This article has been updated from a previous version.
Imagine you’ve just found your dream home but are still waiting for the sale on your current home to close. Money is tight. Where will you find the down payment so quickly?
Bridge financing can help ease the transition between selling your old home and buying a new one. If you haven’t reached the closing date of your current home by the time you want to buy a new one, a bridge mortgage allows you to use the equity from your existing home to pay the down payment on your next home.
By definition, bridge financing helps to reconcile that short gap between the purchase of a new home and the sale of an old home.
Mortgages and bridge financing: how does it work?
Bridge loans are short-term loans, typically as brief as 90 to 120 days (though some can go for as long as a year). The caveat is that if they are longer, banks will put a lien on the house, which will require a pricy real estate lawyer.
However, because they’re quick, you will know if you qualify within a few days, if not a week — something that isn’t always possible with a traditional loan.
A bridge loan lasts only long enough to free up some equity in your old home — which you then use to pay the bridge loan, plus interest, when it’s finally sold. “A bridge loan has to be repaid on the sale closing date,” says Ron Turk, a home financing advisor at Scotiabank.
Do I qualify for bridge financing in Canada?
Most Canadian banks will want to see both the sale agreement for your old home and the purchase agreement for the new home before qualifying you for a bridge loan.
Since these short-term loans are often secured in a few days, many factors go into qualifying, such as how fast your home will sell, your credit rating, and the amount of equity remaining in your old home.
To be eligible for a mortgage bridge loan in Canada, you likely need a good to excellent credit score (650 to 900). Banks will also consider your income-to-debt ratio, as they want to be sure you can financially carry two mortgages and a bridge loan for a short time.
Typically, the maximum amount you can take out for a bridge loan is 80% of the combined value of your current home and the new home.
“Ideally, you want your bridge financing to span a few days between your purchase and your sale, so you have enough time to set up your new property and vacate your existing property,” says Turk.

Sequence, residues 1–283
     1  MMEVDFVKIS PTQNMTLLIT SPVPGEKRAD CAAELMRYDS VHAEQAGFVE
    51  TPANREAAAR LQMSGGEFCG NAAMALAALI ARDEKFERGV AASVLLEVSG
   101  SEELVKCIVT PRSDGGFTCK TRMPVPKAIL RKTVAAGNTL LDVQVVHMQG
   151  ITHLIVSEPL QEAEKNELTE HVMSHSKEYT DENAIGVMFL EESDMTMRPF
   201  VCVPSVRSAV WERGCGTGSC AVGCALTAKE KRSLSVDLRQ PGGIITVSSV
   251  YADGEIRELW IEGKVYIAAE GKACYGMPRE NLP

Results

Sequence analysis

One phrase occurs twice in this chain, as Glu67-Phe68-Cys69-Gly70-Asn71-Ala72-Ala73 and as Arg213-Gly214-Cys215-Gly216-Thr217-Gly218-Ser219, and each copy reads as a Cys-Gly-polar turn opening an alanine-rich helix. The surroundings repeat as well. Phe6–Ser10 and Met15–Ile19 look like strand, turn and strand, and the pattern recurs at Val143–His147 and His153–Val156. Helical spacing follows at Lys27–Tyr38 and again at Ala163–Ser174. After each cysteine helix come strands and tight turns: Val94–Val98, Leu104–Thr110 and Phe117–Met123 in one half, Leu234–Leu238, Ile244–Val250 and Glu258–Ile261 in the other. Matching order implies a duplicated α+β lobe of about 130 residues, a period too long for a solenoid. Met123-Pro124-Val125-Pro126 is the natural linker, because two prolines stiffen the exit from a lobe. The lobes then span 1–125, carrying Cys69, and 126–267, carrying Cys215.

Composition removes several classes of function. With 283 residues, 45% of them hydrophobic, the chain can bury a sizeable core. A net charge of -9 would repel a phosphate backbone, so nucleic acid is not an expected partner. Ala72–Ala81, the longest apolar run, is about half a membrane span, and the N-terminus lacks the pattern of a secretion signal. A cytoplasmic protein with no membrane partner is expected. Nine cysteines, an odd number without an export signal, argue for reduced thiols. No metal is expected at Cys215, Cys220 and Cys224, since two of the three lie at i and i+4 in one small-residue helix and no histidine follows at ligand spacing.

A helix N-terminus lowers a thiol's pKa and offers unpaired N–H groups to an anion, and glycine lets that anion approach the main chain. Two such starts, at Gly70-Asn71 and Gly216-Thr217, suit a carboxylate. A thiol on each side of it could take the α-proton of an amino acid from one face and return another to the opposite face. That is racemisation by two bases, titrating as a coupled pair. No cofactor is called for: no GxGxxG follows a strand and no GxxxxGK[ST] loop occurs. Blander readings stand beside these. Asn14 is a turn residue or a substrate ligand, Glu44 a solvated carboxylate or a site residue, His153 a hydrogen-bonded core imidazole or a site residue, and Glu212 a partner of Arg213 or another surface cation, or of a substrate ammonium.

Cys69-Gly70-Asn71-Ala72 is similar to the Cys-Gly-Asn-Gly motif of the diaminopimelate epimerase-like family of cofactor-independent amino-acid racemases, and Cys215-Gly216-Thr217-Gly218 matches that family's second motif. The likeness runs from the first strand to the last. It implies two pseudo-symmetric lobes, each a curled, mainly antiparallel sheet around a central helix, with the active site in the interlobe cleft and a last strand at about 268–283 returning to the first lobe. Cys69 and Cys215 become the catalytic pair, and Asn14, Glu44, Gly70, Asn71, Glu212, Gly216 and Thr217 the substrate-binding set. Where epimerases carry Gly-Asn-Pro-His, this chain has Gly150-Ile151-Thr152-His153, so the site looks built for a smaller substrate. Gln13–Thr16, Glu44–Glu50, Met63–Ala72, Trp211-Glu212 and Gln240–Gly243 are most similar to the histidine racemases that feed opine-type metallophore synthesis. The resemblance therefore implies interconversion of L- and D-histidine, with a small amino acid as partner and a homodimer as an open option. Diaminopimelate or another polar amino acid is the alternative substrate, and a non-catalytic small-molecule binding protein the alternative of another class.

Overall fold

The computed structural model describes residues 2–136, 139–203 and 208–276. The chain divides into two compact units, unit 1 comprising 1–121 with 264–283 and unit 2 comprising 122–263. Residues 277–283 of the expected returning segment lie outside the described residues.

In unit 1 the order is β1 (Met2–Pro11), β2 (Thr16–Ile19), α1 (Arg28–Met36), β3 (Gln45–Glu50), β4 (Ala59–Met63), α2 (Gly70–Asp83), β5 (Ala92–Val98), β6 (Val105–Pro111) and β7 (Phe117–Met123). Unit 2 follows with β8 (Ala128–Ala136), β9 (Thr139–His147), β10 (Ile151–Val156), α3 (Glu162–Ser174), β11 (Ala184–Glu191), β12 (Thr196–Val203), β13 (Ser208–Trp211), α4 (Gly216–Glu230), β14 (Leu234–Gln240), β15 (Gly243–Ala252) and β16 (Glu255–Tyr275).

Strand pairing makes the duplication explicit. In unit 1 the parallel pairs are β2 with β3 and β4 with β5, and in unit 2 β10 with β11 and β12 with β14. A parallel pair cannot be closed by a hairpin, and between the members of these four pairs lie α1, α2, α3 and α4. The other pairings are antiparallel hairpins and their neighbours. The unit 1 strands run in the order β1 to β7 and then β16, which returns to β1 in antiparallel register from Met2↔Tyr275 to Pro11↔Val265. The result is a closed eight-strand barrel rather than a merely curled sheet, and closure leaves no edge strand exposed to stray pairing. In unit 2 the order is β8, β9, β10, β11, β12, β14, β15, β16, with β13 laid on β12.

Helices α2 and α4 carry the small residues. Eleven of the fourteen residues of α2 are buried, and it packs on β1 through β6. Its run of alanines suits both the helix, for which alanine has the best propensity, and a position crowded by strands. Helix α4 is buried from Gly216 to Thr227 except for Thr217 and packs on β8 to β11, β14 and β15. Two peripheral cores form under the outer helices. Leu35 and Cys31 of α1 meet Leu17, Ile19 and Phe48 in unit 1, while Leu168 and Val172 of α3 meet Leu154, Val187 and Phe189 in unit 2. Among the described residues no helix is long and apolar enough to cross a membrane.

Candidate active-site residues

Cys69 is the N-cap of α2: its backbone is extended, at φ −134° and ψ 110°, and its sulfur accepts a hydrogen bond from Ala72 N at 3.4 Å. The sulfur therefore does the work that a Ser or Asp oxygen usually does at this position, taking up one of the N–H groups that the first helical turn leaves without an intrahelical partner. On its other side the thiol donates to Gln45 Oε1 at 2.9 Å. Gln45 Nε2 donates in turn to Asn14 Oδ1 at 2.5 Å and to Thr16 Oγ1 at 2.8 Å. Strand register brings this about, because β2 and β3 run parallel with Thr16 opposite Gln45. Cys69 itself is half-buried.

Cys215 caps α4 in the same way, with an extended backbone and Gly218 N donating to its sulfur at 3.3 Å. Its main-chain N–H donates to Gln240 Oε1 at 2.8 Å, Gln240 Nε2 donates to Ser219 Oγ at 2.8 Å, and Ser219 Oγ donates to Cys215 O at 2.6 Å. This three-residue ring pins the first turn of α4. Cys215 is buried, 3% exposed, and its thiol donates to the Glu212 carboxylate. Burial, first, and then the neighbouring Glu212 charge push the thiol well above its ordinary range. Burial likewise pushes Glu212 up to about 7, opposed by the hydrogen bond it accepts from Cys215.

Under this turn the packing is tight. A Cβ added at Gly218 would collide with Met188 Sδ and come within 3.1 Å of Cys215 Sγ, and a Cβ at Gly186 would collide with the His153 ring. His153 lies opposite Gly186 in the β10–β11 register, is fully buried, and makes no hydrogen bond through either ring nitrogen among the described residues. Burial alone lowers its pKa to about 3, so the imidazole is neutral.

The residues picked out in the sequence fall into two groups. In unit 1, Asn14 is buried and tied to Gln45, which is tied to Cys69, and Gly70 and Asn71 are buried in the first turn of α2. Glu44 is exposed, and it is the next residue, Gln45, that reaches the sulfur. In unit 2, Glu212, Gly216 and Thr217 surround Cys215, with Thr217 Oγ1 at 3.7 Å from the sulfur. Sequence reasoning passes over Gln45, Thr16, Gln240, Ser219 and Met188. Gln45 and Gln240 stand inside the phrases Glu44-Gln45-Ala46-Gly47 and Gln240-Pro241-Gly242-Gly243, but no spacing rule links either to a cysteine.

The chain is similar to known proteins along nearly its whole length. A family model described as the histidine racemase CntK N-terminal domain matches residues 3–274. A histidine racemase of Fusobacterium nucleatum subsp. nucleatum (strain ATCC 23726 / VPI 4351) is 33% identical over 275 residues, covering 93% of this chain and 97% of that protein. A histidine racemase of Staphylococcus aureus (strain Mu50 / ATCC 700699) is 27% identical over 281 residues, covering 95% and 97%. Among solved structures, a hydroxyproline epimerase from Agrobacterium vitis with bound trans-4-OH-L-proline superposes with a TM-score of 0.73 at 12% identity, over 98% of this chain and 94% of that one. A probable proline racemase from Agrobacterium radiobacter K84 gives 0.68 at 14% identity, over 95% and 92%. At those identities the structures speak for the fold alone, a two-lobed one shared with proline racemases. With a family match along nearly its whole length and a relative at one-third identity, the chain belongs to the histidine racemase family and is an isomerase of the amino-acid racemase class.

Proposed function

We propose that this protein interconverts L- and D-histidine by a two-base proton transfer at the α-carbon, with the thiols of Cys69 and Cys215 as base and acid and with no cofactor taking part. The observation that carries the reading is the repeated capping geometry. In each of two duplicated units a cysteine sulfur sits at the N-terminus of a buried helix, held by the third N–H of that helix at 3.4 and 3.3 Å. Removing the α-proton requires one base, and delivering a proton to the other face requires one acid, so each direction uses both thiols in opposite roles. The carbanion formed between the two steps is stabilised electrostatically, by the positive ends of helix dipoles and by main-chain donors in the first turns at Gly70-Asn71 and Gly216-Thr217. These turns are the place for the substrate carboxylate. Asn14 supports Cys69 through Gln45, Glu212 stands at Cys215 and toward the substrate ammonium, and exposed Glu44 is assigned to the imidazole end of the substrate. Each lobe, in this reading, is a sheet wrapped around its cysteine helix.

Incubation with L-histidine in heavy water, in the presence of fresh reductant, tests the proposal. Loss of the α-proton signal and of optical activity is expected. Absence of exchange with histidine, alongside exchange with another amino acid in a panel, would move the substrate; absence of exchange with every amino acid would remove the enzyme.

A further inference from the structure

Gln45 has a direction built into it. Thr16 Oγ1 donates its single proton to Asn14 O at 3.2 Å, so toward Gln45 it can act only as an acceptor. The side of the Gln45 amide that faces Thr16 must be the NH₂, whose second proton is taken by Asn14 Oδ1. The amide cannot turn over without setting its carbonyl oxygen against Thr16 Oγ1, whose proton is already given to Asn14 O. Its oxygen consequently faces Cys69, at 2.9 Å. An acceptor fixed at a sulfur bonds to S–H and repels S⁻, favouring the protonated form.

When does it make sense to apply for a mortgage bridge loan?
In a hot housing market, when bidding wars are common and you’ve got to make a snap decision, a bridge loan can free up some liquidity to help you get your dream home.
Not only that, bridge financing can also help you get a jump start on renovations in your new home before you even move in. And, perhaps most importantly, bridging a mortgage can also alleviate stress.
“If you don’t close on your new purchase before you finalize your sale, you will either need to close both properties on the same day or vacate your first property before you’re able to enter your newly purchased property,” says Turk.
“Closing two properties on the same day can be stressful, so allowing a few days between the two closings gives you time to get everything done.”
What to know about bridge financing rates
There are a few things to be aware of, however, when signing up for a bridge loan.
Every bank is different, so the conditions and fees for bridge financing will vary. And because bridge loans are designed to be quick, they are often subject to higher interest rates, typically the prime rate (a fluctuating or variable interest rate) plus 2% or 3%.
The bank may also charge an administration fee, and a lawyer may charge a fee if some extra paperwork is required.
But, if you find yourself in a pinch, it could be worth bridging the gap with a home loan. It might just offer the financial wiggle room you need to get out of your old home and into your new one.
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About the author
Inspiring travel writers at Western University, Melanie also cycles the globe looking for her own adventures to write about. Cycling across Japan and completing a nine-day mountain bike stage race in South Africa are a few stories she's written for Canadian Cycling Magazine. Read her work at www.melaniechambers.ca, and check out her podcast at www.outtherepodcast.com.